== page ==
When possible, use "bad" and "good" examples to clearly explain Dos and don'ts.

    At SSW we always show the bad example first, then the good example. You will see samples of this in the next tips below.

    Tip #3: Bold your captions

    [image]
    [Description...]

    Figure: Bad example - Caption not bolded can be mixed up with regular content

    [image]
    [Description...]

    Figure: Good example - Caption stands out when bolded

    Tip #4: Describe the actions in your captions

    Especially for screenshots, it is a good idea to have your figure describe the action the user would take:

    [image]
    Figure: This is the screen

    Figure: Bad example - Vague caption description

    [image]
    Figure: On the screen, choose the execution method

    Figure: Good example - Clear caption description

    Tip #5: Add the titles + length on video captions

    When embedding videos from others, include a caption with the video title + video length in brackets.

    You should also prefix with "Video: [Title] " instead of "Figure: ".

    This helps:

    • Giving a brief text summary of the video
    • Getting some extra Google Juice
    • Letting users know what to expect in terms of time required to watch
    • Serving as a reminder in case that video ever gets removed by its owner

    Note: The exception is for promotional videos where the caption may undesirably impact the look and feel of your page.
    If you don't include the video title in the caption, include it above the video as a comment so it's preserved.

    When you have someone's name in your caption, link their name to their profiles (e.g. SSW People).

    [video]
    Figure: In this video, Bob talks about Outlook

    Figure: Bad example - Using "Figure:" for a video caption + a vague text + no link

    [video]
    Video: How to search on Outlook by Bob (2 min)

    Figure: Good example - Using "Video: [Title]" as the video caption + link + video length at the end

  7. Do you show 'Bad' and 'Good' examples when giving instructions?

    The best way to emphasize your point is to show the pain first, and then the solution. Use "Bad example" and "Good example" with crosses and ticks, respectively, in captions.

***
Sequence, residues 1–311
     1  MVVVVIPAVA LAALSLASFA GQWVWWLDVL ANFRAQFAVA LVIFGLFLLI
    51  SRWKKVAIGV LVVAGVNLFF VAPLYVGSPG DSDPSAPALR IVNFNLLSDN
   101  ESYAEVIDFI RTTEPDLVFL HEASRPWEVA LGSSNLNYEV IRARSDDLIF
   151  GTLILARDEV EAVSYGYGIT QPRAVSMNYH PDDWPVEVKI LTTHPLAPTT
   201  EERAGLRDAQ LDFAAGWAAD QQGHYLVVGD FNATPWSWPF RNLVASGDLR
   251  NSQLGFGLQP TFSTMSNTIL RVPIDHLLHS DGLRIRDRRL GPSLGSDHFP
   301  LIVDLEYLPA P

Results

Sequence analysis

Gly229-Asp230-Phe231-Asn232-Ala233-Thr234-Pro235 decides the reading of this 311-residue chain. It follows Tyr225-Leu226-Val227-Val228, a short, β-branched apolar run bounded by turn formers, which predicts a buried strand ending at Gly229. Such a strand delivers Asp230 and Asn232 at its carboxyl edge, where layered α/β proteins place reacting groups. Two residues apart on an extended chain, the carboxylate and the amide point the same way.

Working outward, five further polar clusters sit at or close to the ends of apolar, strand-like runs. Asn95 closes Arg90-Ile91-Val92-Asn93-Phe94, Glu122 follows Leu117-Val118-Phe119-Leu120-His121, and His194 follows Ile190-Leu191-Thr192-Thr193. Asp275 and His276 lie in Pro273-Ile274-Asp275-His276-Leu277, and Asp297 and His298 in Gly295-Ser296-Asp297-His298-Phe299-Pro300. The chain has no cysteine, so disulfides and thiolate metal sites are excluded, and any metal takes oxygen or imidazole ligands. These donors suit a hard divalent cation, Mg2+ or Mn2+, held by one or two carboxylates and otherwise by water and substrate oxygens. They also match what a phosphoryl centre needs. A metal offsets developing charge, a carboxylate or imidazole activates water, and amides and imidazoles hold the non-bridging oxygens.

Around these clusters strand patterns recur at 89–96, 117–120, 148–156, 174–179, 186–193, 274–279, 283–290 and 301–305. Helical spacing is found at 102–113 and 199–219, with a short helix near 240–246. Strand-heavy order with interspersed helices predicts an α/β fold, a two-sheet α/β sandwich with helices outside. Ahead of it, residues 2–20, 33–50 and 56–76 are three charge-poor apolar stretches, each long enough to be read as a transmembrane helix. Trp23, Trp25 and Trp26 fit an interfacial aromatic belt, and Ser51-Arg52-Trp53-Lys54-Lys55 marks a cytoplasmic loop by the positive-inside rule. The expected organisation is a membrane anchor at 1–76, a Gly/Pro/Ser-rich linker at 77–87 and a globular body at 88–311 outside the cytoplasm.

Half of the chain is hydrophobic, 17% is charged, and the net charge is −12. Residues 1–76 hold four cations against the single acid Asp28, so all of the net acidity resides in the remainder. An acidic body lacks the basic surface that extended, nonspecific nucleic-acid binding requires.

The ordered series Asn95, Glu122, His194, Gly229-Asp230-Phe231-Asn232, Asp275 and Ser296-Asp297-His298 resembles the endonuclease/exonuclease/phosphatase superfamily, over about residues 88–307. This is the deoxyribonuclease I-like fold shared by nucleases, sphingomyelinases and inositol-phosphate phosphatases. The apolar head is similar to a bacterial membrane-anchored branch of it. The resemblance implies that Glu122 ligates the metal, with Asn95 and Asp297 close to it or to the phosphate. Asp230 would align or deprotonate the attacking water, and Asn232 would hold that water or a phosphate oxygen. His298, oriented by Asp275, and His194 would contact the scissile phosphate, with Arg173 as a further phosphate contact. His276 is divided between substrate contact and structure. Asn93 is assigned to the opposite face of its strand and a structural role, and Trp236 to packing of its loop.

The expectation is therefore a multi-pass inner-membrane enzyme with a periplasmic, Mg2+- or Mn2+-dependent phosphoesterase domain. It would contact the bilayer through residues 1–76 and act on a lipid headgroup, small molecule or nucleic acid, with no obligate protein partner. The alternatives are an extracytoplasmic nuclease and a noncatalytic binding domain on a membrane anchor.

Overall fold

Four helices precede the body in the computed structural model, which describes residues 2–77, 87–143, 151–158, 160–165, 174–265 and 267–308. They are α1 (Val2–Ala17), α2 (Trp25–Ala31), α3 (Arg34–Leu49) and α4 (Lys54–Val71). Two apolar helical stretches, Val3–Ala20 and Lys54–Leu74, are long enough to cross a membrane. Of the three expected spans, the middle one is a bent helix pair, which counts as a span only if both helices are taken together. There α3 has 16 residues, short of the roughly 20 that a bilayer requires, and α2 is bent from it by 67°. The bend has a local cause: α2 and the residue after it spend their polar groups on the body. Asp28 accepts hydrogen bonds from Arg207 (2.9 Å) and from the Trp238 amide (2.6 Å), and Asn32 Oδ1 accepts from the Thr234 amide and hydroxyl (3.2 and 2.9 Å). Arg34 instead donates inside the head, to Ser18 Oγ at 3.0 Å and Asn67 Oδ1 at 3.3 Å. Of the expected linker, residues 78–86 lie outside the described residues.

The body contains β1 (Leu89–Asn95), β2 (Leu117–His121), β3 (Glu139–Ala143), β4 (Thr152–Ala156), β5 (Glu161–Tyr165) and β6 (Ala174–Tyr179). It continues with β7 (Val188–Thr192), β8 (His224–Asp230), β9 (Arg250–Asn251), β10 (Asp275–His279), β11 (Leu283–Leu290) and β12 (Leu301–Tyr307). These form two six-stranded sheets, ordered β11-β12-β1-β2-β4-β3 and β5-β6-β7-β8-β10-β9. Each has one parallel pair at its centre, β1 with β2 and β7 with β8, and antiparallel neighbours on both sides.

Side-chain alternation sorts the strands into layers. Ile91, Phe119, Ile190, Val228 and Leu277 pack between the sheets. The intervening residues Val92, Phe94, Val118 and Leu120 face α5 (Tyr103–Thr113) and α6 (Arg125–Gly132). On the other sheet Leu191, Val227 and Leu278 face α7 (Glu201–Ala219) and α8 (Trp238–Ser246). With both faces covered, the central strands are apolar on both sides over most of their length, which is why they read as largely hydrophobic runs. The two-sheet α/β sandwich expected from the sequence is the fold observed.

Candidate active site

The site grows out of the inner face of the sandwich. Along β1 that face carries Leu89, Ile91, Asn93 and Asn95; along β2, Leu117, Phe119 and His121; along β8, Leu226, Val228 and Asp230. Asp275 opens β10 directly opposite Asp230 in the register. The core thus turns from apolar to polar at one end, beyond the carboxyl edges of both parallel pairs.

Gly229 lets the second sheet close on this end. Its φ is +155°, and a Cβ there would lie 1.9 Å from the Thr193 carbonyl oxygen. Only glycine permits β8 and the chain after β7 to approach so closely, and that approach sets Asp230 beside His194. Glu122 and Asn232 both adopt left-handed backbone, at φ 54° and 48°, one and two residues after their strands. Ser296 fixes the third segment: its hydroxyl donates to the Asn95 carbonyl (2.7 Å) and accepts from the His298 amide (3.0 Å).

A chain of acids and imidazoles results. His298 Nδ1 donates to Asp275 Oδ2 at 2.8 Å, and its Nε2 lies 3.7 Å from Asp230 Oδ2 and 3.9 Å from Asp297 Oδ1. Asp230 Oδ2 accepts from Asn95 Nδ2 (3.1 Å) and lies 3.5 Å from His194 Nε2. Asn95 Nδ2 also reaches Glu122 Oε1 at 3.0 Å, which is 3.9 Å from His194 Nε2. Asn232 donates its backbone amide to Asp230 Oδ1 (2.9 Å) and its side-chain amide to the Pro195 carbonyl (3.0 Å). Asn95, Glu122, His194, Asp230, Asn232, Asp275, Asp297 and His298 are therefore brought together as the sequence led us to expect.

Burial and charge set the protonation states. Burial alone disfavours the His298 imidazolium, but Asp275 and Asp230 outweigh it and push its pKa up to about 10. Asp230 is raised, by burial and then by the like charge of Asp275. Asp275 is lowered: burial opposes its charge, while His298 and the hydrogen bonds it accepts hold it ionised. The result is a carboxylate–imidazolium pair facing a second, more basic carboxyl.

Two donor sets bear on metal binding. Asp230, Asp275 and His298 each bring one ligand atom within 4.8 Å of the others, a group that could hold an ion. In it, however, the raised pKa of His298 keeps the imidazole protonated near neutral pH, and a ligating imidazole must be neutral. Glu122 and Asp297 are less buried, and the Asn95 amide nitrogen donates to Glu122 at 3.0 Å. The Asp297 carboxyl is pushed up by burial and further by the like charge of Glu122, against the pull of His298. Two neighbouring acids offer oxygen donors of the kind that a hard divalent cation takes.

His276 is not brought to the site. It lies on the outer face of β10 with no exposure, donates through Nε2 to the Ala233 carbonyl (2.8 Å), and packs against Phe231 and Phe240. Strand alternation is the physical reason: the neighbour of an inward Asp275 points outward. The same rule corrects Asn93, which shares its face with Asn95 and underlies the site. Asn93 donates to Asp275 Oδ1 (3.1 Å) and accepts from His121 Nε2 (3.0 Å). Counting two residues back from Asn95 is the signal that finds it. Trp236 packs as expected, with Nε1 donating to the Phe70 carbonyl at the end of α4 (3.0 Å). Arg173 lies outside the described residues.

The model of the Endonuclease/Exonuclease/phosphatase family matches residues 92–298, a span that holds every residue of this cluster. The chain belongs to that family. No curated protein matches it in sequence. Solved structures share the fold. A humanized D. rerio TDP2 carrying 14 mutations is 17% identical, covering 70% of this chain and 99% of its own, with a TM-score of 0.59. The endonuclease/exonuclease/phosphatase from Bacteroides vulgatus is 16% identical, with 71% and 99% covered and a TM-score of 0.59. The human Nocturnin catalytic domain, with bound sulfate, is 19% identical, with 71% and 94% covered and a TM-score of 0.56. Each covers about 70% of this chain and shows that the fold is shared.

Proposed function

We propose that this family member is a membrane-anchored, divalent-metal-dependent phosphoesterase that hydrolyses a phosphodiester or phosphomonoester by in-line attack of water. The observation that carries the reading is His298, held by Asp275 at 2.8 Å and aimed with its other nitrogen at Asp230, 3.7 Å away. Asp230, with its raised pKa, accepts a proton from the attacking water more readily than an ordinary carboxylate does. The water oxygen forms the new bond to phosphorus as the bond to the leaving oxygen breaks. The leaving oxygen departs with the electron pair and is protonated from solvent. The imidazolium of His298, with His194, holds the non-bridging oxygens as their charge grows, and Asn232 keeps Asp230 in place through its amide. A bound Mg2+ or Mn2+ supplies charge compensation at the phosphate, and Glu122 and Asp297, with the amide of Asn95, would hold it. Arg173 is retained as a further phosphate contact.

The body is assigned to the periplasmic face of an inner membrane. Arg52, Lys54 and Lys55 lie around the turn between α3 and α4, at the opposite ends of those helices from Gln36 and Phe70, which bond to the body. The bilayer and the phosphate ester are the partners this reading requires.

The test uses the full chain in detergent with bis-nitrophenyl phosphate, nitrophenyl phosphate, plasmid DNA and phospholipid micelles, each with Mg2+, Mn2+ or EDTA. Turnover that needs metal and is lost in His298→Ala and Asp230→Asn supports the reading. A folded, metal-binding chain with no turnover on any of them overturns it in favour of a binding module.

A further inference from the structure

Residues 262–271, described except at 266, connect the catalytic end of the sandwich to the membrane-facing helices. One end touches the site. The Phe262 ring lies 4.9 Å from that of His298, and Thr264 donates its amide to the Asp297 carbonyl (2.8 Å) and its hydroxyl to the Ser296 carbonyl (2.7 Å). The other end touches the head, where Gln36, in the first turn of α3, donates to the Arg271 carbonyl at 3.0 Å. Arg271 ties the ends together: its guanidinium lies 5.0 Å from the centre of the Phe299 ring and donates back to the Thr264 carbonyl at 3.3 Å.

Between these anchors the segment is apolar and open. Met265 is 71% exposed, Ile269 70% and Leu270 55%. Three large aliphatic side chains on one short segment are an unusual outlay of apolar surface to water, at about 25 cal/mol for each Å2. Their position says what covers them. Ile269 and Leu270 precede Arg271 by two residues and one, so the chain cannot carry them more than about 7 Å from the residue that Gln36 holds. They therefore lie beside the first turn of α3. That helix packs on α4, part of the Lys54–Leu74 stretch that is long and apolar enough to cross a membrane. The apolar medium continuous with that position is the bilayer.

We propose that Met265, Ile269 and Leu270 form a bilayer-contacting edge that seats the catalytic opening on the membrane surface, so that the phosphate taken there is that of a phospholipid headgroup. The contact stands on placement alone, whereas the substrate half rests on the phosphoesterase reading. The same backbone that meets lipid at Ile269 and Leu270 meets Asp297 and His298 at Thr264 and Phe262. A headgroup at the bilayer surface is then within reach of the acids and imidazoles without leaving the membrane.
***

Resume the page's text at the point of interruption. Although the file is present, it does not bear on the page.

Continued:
This structure can be used with images, videos, pieces of code, or text in boxes. Just make sure to include the appropriate caption for each element.

    Giving the bad example first will raise users' expectation...

    Figure: Bad example - Kid not in his seat

    Then showing the solution by giving a good example as the result, will make them feel released.

    kid in airplane seat
    Figure: Good example - Kid in his seat

    Usually, further information on how to achive the good example is added after the examples. E.g. Add a heading "More information" with extra details.

    You may also use "OK" examples for things that are acceptable but can be done better.

  8. Figures - Do you use the right HTML/CSS code to add images and captions?

    Most developers put the image and the caption in a DIV tag, where the figure is just a paragraph - this is not correct.

    <div>
      <img alt="">
      <p>Figure: Caption</p>
    </div>

    Figure: Bad example

    Instead, you should use <figure> and <figcaption> as per https://www.w3schools.com/TAGS/tag_figcaption.asp. This structure gives semantic meaning to the image and figure:

    <figure>
      <img src="image.jpg" alt="image"></img src="image.jpg" alt="image">
      <figcaption>Figure: Caption</figcaption>
    </figure>

    Figure: Good example

    The old way